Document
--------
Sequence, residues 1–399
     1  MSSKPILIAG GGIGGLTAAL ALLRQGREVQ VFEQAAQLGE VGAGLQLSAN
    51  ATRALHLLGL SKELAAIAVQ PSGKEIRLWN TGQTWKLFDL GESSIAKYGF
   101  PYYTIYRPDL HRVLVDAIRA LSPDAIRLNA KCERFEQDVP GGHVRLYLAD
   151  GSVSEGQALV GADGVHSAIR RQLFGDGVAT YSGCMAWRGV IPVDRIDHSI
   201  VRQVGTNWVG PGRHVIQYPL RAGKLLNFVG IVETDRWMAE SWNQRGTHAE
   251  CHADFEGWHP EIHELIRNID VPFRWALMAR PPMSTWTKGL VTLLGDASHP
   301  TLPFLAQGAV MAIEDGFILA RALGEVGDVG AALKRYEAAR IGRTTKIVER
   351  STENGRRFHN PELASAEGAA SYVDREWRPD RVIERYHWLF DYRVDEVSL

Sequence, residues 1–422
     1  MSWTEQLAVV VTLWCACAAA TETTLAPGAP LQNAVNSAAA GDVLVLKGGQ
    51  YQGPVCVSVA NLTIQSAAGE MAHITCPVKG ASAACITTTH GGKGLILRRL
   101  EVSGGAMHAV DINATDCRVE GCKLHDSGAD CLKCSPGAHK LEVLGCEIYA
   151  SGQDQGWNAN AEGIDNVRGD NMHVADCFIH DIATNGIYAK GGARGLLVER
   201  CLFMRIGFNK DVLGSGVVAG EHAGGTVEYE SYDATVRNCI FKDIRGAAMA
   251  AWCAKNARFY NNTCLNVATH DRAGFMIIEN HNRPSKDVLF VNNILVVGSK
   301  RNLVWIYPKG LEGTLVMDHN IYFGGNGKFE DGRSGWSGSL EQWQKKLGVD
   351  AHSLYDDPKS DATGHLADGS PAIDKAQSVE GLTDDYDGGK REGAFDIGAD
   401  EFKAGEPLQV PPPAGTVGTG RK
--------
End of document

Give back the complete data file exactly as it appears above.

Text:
Sequence, residues 1–399
     1  MSSKPILIAG GGIGGLTAAL ALLRQGREVQ VFEQAAQLGE VGAGLQLSAN
    51  ATRALHLLGL SKELAAIAVQ PSGKEIRLWN TGQTWKLFDL GESSIAKYGF
   101  PYYTIYRPDL HRVLVDAIRA LSPDAIRLNA KCERFEQDVP GGHVRLYLAD
   151  GSVSEGQALV GADGVHSAIR RQLFGDGVAT YSGCMAWRGV IPVDRIDHSI
   201  VRQVGTNWVG PGRHVIQYPL RAGKLLNFVG IVETDRWMAE SWNQRGTHAE
   251  CHADFEGWHP EIHELIRNID VPFRWALMAR PPMSTWTKGL VTLLGDASHP
   301  TLPFLAQGAV MAIEDGFILA RALGEVGDVG AALKRYEAAR IGRTTKIVER
   351  STENGRRFHN PELASAEGAA SYVDREWRPD RVIERYHWLF DYRVDEVSL

Sequence, residues 1–422
     1  MSWTEQLAVV VTLWCACAAA TETTLAPGAP LQNAVNSAAA GDVLVLKGGQ
    51  YQGPVCVSVA NLTIQSAAGE MAHITCPVKG ASAACITTTH GGKGLILRRL
   101  EVSGGAMHAV DINATDCRVE GCKLHDSGAD CLKCSPGAHK LEVLGCEIYA
   151  SGQDQGWNAN AEGIDNVRGD NMHVADCFIH DIATNGIYAK GGARGLLVER
   201  CLFMRIGFNK DVLGSGVVAG EHAGGTVEYE SYDATVRNCI FKDIRGAAMA
   251  AWCAKNARFY NNTCLNVATH DRAGFMIIEN HNRPSKDVLF VNNILVVGSK
   301  RNLVWIYPKG LEGTLVMDHN IYFGGNGKFE DGRSGWSGSL EQWQKKLGVD
   351  AHSLYDDPKS DATGHLADGS PAIDKAQSVE GLTDDYDGGK REGAFDIGAD
   401  EFKAGEPLQV PPPAGTVGTG RK